So I tell you these things to try to explain to you the climate we lived in, the climate in which we took on our responsibilities, and the climate in which we continue to assume our responsibilities.

We have an obligation toward the people who are put here, in this territory, and toward those people who speak French, in order that the individual, wherever in Quebec he is born, should have equality of possibilities, can participate in political power, can participate in economic power, can participate so that all other powers be accessible to him... We have to take back what belongs to us or used to belong to us... We have to take back these things. These things are clear and precise: they are the natural riches, they are the individuals condemned to do nothing, condemned to unemployment — Do you think that this is what they want? Do you think someone out of work has an interest in unemployment benefits? At a given moment he can become hooked on unemployment benefits, but he has no interest in it; what he wants is to work, and this according to who he is, what his identity is, not to work in order to imitate someone else. To work as a Quebecois and work on his own territory — and we've got the possibility! There are people who say that we are a prosperous people and all that! So I say sincerely: look at what this prosperity is: it’s a prosperity of expropriation! Here in Quebec we're in the process of emptying out all the riches we have, and in twenty years, when everything will have been emptied out, there will be no one left but tourists!!...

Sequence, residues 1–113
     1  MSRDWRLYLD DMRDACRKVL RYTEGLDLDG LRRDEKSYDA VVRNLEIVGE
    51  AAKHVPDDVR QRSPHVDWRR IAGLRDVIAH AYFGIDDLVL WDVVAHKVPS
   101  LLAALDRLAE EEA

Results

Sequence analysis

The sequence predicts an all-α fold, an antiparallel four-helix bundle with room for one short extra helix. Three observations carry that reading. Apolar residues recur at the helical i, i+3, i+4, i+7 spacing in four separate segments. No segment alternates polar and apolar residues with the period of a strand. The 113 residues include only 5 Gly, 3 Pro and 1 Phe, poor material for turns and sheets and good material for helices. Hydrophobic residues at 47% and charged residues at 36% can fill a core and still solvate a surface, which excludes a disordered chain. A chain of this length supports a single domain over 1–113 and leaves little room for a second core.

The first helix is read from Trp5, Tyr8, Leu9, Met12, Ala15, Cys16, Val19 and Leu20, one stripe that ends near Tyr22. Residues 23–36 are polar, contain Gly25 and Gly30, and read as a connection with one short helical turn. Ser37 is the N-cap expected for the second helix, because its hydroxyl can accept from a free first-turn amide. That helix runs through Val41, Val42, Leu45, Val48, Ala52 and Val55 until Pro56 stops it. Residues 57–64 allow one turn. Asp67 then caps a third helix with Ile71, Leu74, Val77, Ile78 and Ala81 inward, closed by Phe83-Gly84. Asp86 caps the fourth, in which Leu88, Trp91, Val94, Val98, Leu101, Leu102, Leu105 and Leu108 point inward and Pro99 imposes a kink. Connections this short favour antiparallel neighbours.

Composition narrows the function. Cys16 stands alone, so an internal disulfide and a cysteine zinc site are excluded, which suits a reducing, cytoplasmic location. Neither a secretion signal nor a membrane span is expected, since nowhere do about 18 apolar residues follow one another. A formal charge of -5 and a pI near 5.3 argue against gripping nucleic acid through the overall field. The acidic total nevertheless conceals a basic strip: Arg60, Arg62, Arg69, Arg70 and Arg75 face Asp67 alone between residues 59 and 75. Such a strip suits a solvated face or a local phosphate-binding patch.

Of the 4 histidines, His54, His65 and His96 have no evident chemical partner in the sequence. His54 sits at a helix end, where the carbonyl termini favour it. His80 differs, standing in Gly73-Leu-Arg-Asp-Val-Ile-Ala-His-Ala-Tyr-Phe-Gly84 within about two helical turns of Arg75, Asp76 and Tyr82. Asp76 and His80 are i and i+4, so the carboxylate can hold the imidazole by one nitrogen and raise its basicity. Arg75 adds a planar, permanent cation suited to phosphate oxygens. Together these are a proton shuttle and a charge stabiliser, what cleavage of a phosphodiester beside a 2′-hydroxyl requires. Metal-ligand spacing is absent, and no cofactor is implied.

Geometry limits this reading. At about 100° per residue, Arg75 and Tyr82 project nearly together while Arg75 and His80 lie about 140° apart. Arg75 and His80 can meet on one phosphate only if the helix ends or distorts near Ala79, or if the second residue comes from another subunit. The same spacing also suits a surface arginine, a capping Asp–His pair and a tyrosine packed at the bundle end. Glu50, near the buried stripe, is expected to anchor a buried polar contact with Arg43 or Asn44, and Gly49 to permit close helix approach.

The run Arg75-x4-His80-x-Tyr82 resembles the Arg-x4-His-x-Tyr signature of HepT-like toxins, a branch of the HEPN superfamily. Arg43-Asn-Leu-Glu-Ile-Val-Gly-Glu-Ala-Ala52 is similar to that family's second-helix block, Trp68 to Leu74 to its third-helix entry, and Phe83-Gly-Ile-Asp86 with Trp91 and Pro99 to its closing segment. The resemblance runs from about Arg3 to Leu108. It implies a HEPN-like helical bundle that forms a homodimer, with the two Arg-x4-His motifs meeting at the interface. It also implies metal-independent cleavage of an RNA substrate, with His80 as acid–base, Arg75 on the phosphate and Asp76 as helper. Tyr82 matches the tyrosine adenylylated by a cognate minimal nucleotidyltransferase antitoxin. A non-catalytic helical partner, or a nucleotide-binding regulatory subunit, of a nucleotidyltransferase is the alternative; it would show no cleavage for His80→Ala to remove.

We have to take back everything that belongs to us here in order to have as a people not only the name, but the strength, the vitality, the energy and the results.

All of us are the people of the Front de Libération du Québec. It’s you, it’s me, it’s all the people who have a little bit of guts, who want to have done with slavery, this contempt that is subtle but even more effective — because it’s subtle.

As members of the Front de Libération du Québec we were faced with a pack or a pile of (pointing to the tribunal), of (pointing to the investigators), of (pointing to the Crown counsels)... terrorist acts in themselves! And these actions are depredations, frustrations, it’s taking from people the possibility of explaining themselves and this despite the fact that we put in doubt the possibility of expressing oneself. For I say — and I verified it during this trial — that your democracy (pointing at the tribunal), that this democracy (pointing at the prosecutors) is a paper democracy, — but when in reality, when the time comes to have these rights, there’s always another principle that prevents their acquisition...